The Chicago Cubs were Detroit’s 1935 World Series opponent. The Cubs, well-known hecklers, met their match in the feisty and vocal White. His .263 Series batting average hid his .417 on-base percentage. White drove in the winning run in the 11th inning off Larry French to win Game Three, after Greenberg had broken his wrist in Game Two. Even without Greenberg, the Tigers went on to beat the Cubs in six games for their first world championship. After playing the first five games, White surprisingly sat on the bench in the clincher against French.
White was now enjoying the Tigers’ success. He was on Wheaties boxes, played golf with Cochrane, Dizzy Dean, and Babe Ruth in Florida. He enjoyed hunting and fishing, reading detective stories, and shooting pool. In 1933 he had married Fern, and the next year they had a daughter, Tanya Jo.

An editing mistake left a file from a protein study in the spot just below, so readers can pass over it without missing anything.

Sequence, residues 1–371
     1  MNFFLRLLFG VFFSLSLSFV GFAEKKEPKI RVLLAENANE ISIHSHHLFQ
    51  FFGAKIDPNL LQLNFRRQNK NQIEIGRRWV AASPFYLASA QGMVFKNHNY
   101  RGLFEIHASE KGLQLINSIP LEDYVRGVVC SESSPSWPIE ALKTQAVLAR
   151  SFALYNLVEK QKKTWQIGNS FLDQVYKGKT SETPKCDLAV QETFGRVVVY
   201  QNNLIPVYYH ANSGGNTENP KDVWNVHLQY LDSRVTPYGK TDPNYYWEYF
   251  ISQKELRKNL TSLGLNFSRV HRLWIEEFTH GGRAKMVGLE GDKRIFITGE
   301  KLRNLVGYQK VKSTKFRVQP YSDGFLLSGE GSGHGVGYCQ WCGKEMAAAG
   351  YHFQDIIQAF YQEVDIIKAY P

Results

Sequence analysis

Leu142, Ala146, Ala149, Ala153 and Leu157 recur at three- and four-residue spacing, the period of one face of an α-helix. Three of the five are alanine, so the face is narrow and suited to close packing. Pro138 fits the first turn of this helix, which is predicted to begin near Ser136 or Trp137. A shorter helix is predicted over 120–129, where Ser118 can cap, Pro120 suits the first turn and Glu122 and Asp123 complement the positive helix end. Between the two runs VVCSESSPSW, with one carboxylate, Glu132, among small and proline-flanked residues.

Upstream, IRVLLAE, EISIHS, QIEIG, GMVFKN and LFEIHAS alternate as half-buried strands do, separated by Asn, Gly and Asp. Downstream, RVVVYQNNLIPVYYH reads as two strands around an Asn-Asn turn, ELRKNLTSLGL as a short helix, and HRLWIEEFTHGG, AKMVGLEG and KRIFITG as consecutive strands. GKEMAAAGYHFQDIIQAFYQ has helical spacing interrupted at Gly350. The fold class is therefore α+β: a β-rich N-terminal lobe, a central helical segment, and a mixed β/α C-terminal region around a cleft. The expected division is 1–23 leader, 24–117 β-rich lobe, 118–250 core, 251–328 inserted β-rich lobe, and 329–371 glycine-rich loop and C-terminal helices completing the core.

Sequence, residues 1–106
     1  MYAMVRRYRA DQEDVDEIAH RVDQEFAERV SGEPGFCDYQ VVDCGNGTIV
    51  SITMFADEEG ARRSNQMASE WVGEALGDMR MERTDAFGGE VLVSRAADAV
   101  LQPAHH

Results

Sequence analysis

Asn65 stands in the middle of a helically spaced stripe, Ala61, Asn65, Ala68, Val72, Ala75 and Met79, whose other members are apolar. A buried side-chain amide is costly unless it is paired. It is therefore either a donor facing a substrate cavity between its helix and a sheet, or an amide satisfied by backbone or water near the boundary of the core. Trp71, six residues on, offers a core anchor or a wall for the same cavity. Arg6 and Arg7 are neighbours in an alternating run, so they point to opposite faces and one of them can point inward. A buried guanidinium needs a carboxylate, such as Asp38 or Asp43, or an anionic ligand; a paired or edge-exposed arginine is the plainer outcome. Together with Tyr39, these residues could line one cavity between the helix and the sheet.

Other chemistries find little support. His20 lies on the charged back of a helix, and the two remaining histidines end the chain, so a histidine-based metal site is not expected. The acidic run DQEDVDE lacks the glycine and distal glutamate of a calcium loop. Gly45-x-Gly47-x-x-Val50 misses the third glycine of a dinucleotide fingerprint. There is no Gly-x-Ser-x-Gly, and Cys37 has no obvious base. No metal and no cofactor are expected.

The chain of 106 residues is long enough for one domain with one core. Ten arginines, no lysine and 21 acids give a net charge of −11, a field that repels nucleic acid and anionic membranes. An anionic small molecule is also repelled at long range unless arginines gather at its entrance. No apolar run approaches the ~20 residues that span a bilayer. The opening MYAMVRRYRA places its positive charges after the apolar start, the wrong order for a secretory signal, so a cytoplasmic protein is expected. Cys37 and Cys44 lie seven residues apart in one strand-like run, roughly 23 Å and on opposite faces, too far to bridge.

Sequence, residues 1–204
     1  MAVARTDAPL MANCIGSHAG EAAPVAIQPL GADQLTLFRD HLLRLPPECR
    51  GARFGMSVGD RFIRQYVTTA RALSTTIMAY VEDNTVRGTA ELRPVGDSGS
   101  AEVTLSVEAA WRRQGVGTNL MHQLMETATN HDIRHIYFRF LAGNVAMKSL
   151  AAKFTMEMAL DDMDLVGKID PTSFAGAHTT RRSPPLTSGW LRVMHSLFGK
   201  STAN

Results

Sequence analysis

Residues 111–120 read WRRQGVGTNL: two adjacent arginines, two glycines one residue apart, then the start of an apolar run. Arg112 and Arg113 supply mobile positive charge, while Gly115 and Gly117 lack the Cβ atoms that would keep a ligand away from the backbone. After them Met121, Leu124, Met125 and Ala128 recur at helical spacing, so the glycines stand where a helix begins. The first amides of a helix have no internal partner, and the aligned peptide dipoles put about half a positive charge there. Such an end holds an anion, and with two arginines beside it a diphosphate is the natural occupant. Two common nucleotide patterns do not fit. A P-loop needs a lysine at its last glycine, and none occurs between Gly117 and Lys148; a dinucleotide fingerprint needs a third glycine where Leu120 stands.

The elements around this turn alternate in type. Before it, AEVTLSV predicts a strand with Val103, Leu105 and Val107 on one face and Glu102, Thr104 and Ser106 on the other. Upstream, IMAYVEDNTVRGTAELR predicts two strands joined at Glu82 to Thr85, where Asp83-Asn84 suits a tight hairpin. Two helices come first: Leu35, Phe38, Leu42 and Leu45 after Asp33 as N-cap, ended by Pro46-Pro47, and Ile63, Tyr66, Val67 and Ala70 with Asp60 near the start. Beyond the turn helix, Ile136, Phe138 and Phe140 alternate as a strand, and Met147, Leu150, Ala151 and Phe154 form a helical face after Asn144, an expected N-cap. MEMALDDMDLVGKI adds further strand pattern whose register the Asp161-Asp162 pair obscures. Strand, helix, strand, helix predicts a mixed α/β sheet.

In December of 1935, new Tigers owner Walter Briggs acquired star outfielder Al Simmons. White fully expected to get sold or traded, but neither happened. Cochrane suffered a nervous breakdown during the 1936 season and was temporarily replaced. White’s playing time was reduced as the Tigers fell to a distant second to the New York Yankees. In 1937 Cochrane returned and Simmons had been unloaded by the Tigers. White’s hopes of full-time action were soon dashed when the Tigers acquired another star outfielder, Babe Herman. Once again Cochrane went down for the season, this time from a tragic beaning that nearly cost him his life. Again, White found himself a part-time player.
Hank Greenberg declared that he lost two of his favorites in baseball in 1938, when Mickey Cochrane was fired and Jo-Jo White was traded.